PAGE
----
As the Black World celebrates the 134th anniversary of the birth of Marcus Garvey, the leaders of the Chicago headquarters of his Universal Negro Improvement Association (UNIA), want people to know they are still very much active and continuing the leader’s legacy.
Division 401, headed by President Maruwa Ferrell, a licensed clinical social worker, and labor organizer Taniya L. Scott, who serves as the organization’s female president, was until recently headquartered in the Garvey House at 330 E. 37th Street in Bronzeville.
“Marcus Garvey was the man but the UNIA was his work,” said Ferrell. “It was the largest race-first organization in modern times. There is no organization (to date) that has accomplished what he did at a time where there was no TV, no internet and no social media.”
In 1970, Ferrell was born into the UNIA because both of his parents were active Garveyites. “In my family, race work was our religion,” he said. “It was all about doing what’s best for the race. We believed if you’d do what’s best for the whole then the individual would benefit.”
After moving up through the UNIA ranks, Ferrell was elected local president in 2006. Using his background as a social worker, he launched a number of programs throughout the city.
At the Garvey House, people could attend a variety of classes designed for multi-generational audiences. Educa- tors included leaders in public policy, agriculture, finance, banking, entrepreneurship, technology, health, and self-defense.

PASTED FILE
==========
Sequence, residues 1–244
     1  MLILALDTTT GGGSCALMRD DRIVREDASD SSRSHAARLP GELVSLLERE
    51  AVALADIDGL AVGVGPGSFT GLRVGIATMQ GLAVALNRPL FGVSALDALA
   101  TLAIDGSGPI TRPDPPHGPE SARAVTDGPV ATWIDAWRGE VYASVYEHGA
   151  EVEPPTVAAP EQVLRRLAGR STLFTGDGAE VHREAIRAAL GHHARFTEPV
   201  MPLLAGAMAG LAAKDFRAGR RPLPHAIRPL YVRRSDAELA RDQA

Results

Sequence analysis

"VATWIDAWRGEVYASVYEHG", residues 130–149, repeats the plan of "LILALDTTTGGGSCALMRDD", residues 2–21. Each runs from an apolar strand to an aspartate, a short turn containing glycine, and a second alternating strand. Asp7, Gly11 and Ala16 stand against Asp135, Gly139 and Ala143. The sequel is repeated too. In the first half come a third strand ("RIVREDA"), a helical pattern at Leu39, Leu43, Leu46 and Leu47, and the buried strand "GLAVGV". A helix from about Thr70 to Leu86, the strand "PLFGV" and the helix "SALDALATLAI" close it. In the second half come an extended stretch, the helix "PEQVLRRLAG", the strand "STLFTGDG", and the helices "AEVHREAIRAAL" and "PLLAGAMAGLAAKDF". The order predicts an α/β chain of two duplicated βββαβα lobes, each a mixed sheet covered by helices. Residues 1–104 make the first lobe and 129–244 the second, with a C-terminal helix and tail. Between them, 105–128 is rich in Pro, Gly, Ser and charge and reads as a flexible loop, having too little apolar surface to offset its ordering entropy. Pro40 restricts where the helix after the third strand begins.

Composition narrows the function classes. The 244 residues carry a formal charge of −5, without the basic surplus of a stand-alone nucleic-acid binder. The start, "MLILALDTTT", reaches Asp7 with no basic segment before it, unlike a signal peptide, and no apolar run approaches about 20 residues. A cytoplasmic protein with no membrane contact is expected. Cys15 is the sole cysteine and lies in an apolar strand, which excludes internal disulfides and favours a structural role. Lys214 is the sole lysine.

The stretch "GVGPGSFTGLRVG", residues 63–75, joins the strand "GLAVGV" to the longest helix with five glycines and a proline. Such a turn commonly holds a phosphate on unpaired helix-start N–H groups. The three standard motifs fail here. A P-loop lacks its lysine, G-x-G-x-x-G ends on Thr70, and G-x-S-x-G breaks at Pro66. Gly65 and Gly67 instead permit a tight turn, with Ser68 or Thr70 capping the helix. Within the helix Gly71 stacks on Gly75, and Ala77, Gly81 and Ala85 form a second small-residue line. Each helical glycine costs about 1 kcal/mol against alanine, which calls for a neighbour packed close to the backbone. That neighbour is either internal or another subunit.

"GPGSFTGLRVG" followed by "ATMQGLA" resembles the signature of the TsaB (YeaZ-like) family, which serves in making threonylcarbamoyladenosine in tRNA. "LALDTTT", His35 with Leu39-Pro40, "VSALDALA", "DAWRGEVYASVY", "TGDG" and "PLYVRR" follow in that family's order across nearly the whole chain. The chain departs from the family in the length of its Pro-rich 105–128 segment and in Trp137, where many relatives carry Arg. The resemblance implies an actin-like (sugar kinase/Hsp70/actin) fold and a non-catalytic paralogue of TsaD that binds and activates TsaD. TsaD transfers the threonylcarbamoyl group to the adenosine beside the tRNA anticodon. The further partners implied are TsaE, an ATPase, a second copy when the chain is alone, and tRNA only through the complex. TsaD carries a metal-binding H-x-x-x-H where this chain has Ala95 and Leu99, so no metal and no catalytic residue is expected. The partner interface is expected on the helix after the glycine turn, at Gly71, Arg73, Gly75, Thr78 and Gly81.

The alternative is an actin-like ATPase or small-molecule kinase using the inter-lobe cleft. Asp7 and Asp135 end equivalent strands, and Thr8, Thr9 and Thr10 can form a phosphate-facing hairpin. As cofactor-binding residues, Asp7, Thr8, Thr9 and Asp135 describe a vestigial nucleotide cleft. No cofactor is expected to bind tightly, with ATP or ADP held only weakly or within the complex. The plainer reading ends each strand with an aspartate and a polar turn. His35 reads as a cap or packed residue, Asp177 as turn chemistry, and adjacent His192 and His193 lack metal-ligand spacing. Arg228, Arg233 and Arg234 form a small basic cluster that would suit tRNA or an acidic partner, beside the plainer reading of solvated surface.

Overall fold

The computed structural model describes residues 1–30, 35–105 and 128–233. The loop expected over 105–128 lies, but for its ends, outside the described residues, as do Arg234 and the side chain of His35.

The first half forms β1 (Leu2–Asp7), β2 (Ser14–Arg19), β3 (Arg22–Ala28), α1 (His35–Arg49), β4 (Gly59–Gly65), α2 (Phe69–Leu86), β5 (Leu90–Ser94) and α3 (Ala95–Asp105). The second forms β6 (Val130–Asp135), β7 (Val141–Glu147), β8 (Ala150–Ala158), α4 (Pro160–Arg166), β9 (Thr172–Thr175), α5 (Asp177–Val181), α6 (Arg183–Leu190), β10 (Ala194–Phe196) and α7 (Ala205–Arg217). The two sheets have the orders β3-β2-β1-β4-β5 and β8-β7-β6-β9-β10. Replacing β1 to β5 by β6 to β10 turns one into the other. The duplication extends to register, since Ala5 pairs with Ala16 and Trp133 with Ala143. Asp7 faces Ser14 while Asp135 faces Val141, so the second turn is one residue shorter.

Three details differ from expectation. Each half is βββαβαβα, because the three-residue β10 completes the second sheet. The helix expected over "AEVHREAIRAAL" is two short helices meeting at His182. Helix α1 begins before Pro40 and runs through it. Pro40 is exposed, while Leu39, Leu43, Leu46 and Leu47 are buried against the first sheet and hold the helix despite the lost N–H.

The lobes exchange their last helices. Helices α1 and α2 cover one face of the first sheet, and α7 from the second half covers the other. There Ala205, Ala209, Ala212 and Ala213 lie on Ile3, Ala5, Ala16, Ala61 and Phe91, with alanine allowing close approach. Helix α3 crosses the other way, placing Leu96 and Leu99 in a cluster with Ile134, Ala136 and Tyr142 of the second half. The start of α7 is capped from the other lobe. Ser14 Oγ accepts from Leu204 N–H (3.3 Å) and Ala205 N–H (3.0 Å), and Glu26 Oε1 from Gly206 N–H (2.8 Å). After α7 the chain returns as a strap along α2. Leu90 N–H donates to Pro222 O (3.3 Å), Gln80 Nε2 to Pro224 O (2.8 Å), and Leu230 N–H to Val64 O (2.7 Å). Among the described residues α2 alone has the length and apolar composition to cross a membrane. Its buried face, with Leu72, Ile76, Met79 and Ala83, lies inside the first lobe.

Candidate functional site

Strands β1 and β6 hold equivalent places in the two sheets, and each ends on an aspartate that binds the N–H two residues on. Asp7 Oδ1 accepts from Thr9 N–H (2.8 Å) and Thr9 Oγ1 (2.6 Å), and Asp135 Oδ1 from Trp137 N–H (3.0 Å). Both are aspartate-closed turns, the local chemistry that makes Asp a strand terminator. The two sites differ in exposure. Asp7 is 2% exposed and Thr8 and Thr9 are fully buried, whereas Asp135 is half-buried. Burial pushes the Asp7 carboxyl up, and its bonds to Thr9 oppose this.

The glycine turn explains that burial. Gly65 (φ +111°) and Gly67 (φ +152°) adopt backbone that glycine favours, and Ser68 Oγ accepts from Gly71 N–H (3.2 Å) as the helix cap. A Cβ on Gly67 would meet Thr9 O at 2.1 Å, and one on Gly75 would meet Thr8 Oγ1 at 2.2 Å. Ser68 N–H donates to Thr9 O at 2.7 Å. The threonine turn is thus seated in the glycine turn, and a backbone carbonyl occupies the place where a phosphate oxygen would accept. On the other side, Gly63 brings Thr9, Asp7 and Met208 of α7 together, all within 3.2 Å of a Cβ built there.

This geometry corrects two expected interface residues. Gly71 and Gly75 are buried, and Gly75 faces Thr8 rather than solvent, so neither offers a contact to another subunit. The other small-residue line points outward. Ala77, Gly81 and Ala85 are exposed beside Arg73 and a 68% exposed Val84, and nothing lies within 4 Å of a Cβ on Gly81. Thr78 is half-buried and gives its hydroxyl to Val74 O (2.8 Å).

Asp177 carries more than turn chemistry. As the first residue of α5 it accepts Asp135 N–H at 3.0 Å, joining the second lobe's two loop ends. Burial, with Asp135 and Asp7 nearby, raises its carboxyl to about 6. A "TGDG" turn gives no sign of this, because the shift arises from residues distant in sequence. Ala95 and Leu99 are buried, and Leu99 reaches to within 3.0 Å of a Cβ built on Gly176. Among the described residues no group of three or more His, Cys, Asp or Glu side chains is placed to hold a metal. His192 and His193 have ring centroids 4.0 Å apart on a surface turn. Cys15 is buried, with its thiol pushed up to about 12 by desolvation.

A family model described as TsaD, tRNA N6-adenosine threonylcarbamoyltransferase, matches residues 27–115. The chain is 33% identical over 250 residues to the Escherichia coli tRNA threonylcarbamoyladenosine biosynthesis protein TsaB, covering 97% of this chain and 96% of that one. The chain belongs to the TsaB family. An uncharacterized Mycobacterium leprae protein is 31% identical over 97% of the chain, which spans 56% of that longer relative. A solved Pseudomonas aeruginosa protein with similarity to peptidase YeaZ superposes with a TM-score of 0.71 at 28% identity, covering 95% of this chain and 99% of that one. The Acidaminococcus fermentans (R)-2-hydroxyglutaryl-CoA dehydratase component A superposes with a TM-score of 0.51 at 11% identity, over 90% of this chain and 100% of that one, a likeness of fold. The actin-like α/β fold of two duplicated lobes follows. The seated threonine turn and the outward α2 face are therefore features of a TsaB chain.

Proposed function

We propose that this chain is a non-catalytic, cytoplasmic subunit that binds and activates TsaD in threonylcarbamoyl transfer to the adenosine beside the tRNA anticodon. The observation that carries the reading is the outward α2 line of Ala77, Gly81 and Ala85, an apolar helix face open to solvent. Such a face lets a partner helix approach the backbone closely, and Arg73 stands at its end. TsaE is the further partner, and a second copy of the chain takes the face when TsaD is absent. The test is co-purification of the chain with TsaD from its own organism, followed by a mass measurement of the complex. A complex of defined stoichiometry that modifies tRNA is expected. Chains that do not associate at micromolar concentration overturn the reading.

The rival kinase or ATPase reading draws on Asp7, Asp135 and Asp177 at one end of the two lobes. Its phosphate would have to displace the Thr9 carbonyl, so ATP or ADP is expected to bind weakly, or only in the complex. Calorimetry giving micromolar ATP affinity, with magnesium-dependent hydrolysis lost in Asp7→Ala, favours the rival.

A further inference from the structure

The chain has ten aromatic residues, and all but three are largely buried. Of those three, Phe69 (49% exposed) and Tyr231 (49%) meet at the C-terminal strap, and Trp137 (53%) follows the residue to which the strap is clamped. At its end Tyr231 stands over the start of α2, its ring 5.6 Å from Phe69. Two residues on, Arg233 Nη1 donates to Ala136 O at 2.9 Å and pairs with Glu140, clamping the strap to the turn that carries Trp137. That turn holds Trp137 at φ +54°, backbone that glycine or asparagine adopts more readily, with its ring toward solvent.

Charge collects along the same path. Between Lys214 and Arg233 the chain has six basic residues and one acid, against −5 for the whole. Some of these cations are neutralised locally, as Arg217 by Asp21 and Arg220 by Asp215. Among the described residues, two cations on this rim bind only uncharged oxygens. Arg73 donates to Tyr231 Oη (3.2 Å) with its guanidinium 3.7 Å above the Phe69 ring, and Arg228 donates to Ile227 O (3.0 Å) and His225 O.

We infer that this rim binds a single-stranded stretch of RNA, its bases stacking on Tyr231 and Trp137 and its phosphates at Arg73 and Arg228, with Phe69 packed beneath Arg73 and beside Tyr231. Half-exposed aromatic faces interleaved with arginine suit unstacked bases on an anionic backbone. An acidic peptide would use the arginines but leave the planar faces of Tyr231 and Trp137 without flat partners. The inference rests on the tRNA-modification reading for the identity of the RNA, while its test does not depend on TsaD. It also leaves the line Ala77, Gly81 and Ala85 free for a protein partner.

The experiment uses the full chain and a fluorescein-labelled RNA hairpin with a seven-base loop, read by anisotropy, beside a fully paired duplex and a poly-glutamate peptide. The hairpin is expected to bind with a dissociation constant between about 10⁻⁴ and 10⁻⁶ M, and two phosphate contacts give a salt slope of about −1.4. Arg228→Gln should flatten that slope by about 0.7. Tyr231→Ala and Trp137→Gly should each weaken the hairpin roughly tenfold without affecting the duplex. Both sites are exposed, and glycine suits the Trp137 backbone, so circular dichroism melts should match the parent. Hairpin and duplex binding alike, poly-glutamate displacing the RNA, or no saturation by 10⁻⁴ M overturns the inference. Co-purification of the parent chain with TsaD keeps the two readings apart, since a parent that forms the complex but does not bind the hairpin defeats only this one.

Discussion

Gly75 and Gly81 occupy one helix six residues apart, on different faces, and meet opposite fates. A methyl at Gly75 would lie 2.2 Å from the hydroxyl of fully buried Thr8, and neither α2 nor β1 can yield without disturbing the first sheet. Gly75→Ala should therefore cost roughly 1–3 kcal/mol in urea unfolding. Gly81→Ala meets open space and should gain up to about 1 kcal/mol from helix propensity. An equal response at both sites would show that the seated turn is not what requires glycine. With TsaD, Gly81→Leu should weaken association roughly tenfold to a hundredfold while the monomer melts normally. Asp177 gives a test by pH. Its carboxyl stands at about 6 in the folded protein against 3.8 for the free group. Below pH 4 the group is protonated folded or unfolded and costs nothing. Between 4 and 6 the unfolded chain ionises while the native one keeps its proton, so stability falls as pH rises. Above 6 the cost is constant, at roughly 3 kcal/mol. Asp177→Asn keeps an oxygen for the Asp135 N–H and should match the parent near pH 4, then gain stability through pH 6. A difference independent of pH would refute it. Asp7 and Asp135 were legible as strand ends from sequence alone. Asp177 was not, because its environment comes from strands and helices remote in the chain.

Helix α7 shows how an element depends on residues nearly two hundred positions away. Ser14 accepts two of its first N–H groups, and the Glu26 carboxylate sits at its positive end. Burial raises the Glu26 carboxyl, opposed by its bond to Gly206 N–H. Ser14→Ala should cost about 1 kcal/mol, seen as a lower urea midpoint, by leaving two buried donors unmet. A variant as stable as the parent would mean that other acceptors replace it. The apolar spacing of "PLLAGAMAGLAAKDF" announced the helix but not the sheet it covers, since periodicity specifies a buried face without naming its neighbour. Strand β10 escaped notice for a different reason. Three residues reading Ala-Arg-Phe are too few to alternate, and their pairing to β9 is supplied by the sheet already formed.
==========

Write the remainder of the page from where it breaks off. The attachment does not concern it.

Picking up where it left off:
“We shifted all of that during COVID and started an outreach campaign where we provided food, water, masks and other supplies to elders throughout the community,” Ferrell said.
“Very few people were surprised that we were from the UNIA. Many of our seniors know of Garvey’s impact on Black life.”
The UNIA was founded in July 1914 as a “social, friendly, humanitarian, charitable, education, institutional constructive and expansive society,” according to its constitution. Its motto, “One God! One Aim! One Destiny!” called for justice and strength “realizing that if the strong oppress the weak confusion and discontent will ever mark the path of man.”
Born August 17, 1887 in Queen Ann’s Bay, Jamaica, Marcus Mosiah Garvey traveled extensively as a journalist, orator and entrepreneur in an effort to strengthen the plight of Blacks through a “Back to Africa” and “Race First” campaign for independence.
In 1919, following the Chicago Race Riot, he arrived in Chicago where he quickly amassed a following as well as staunch opposition.
At its height, the UNIA held more than eight million members, spanning nearly every continent in the Black Diaspora. Its economic arm included the Negro World, its globally distributed newspaper, hospitals and clinics, financial centers, Saturday Schools, passenger and cargo ships and hundreds of other Black-owned enterprises.
Despite the widespread support Garvey received from Blacks throughout the U.S. by 1920, his staunchest opposition was not only from prominent Negro leaders such as Dr. W.E.B. DuBois and Chicago Defender Publisher Robert S. Abbott but also J. Edgar Hoover, then the up-start director of the Federal Bureau of Investigation.